|A father and son team was working roughly five storeys high when the crane holding their steel basket aloft tipped over, police say.|
Montreal high-rise window-washers "No special training required" - They operate machinery and can work 40 or 50 storeys up in the air, but there are no specific training requirements and they get paid as maintenance people. That’s how industry veteran Jack Colati describes Montreal window washers, one of whom died on Sunday after the crane holding his basket about five floors up tipped over.
Another worker, the dead man’s son, was seriously injured in the accident, outside the Université du Québec à Montréal, at René-Lévesque Blvd. and St-Denis St. “Our business is not recognized as a profession — we’re just cleaners and the workers get paid the same as people who push a mop,” said Colati, owner of Future Window Cleaning.
Before a worker can operate a crane on a construction site, he or she must be certified, which requires more than 700 hours of training, he said. There is no such requirement for cranes used for window-washing, added Colati, who has been in the business for 25 years.
Under Quebec workplace safety law, an employer must ensure that anyone operating a crane has some training, said Marie-France Vermette, a spokesperson for Quebec’s workplace safety board, the Commission des normes, de l’équité, de la santé et de la sécurité du travail (CNESST). But if the crane operator is not on a construction site, the law does not specify the type or amount of training required, she added.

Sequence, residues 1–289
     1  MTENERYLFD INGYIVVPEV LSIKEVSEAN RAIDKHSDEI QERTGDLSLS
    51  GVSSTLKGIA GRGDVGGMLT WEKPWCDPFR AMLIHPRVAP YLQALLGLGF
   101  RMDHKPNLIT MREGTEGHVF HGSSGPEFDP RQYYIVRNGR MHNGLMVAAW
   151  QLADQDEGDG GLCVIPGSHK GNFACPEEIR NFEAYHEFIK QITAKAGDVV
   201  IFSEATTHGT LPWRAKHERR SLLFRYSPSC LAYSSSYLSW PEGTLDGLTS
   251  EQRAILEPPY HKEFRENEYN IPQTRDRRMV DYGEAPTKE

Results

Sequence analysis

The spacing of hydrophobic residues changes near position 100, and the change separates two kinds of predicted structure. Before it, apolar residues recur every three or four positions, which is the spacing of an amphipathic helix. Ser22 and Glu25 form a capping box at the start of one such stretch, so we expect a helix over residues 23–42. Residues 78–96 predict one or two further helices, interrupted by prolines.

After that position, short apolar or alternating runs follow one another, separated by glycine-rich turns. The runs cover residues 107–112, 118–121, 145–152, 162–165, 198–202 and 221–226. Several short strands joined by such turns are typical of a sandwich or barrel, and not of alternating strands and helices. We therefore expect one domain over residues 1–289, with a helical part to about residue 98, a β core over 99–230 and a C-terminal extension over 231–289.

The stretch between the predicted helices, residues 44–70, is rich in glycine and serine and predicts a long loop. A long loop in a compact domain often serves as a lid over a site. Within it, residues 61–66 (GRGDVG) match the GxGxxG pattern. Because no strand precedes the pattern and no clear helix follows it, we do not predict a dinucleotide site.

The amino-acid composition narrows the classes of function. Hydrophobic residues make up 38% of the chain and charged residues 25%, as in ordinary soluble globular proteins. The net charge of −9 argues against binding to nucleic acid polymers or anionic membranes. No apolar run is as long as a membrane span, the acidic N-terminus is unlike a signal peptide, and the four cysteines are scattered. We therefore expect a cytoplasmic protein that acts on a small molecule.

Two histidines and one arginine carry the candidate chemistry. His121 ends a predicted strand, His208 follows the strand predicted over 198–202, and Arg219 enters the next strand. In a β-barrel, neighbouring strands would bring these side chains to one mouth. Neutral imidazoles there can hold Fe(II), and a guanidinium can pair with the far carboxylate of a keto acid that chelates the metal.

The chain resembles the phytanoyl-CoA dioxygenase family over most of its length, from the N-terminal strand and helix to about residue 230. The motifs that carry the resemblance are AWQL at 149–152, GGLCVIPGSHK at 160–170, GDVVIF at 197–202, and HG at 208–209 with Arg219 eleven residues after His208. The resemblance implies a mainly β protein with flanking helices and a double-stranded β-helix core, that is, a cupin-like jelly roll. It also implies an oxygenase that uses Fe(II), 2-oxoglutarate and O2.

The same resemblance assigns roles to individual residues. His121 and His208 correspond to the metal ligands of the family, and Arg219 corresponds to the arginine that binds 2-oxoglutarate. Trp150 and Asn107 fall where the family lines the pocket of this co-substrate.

Witnesses have said the crane may have been badly set up, with an “outrigger” — a device used to support and stabilize the crane — placed on a patch of earth rather than on a solid surface. Colati said window washers are required to follow safety rules outlined in a booklet produced by the CNESST. “But it’s very easy to not read the rules,” Colati said. He said Quebec’s construction commission — the Commission de la construction du Québec — or the CNESST “should wake up” and impose new rules.
The CNESST is investigating Sunday’s accident. Vermette said investigators are interviewing witnesses and have seized the crane to inspect it. Normally, investigations take about five or six months, Vermette said. Six to eight companies in Montreal have the expertise to clean windows on highrises, Colati said.
In 2009, when a window-washer died after a fall from the 20th floor of a downtown building, the CNESST found that the worker — a foreman — was not wearing a safety harness at the time of the accident. The investigation found that an improperly installed electrical cable, inadequate work instructions and the absence of a structured health-and-safety approach were also contributing factors. In the 2009 report, the CNESST reminded employers of the importance of accident-prevention measures, training employees and supervising workplaces.